Lap three was my best yet, and I felt I had learned the course well, completely in my own zone. As I entered lap four, I focused on finishing strong on the climbs and smoothness on the descents. At the very top of the last pitch on the final climb, my legs told me "that's it", so I guess I metered out my effort just right. I flowed down the final descent and rolled in, stoked with a solid effort and super fun ride.
In a 20+ year period of racing bikes I've experienced a lot of different courses and venues, and the Mendocino Madness course was simply one of the best. The singletrack was so good that I would go there just to ride, let alone race it. And the organizers did an amazing job of making it happen, with a great venue in the redwoods, awesome food and a really cool vibe. I highly recommend the event.
Misoula XCTJuly 20, 2012
July 14, 2012 - Missoula, MT
Cat 1 combined
What a blast! One of the best XC courses I've ever ridden -- good climbing, lots of singletrack, physically challenging and a great venue.
I raced the Cat 1 combined race rather than Masters to challenge myself with the younger guys. They started the Cat 1 Juniors 15 seconds in front of us, so I knew there would be some passing to do. As we headed up the first climb of four laps, I got into a rhythm I knew I could sustain. A Cannondale rider in my group passed me but only gained a few bike lengths. Shortly after, a Hammer Nutrition rider did the same, but I could tell that both of them were slower on the singletrack, so I let them go too hard in a few sections while I maintained a steadier pace and reeled them in on the more technical parts. I passed them both before the main descent and put some time between us by the bottom and start of lap 2.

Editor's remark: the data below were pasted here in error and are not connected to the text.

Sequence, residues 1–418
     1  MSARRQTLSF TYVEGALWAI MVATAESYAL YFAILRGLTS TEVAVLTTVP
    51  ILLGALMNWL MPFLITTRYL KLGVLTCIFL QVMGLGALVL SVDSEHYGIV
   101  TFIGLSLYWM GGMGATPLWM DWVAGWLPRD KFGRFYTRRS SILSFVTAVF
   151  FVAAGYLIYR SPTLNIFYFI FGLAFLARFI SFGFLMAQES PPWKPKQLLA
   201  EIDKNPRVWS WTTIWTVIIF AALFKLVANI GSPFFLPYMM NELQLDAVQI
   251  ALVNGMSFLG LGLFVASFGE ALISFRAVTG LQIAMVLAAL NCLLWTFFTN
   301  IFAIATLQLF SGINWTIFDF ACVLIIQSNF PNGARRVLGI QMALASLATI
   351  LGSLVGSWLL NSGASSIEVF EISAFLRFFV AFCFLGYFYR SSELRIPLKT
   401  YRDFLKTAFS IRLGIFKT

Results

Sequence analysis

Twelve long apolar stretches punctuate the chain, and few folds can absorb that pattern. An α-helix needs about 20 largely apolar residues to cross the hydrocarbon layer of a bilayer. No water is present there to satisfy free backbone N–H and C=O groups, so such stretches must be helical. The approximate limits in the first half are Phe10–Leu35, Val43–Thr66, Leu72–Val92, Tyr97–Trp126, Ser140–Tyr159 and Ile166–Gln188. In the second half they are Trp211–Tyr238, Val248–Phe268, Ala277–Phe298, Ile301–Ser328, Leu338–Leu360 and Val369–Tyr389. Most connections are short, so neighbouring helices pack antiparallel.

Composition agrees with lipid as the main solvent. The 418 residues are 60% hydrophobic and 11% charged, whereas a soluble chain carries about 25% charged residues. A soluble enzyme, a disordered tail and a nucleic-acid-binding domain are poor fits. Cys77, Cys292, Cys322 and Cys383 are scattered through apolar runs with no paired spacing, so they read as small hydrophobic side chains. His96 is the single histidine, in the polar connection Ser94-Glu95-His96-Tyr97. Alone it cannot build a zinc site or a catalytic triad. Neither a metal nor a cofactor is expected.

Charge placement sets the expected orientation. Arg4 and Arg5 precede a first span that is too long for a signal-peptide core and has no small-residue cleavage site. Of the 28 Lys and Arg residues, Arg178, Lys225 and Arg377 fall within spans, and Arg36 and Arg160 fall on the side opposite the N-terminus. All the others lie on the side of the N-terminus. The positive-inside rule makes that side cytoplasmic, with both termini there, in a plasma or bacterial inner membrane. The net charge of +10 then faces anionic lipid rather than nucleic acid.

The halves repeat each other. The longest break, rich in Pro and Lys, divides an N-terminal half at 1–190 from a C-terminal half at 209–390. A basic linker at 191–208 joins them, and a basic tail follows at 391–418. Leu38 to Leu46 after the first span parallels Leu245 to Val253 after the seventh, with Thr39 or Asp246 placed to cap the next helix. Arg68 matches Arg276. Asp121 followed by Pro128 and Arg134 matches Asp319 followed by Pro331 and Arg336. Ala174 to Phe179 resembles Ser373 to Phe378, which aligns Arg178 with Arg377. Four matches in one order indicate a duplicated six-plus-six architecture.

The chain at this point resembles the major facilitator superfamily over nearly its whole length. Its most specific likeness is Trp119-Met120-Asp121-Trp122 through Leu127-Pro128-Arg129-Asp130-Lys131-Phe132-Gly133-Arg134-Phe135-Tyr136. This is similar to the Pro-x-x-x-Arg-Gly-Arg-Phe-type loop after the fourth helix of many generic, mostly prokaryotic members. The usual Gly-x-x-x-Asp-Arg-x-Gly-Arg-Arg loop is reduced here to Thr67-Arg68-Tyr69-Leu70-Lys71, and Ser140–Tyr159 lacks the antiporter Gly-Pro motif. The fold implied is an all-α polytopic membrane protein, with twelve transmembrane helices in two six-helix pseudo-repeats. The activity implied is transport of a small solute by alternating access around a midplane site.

In the lead in my race, I was passing juniors throughout the course. I kept my effort pinned so that I could maximize my lead and not need to take risks on the descent. Fortunately, I was having so much fun on the descents that I think I was faster than if I tried to go fast!
I felt great, having recovered well from Nationals. I could really push hard and the short race (1 hour, 11 min) meant I could really keep the effort high without fading. I worked my way up to the second place junior but did not try to pass him on the last descent. He was riding it well and I didn't want to do anything that would impede his progress. I found out at the finish that Casey was riding in 1st in the juniors, and had a solid lead of about 30-40 sec. I came through with the Cat 1 win, making it two for two for Whole Athlete-Specialized on the day!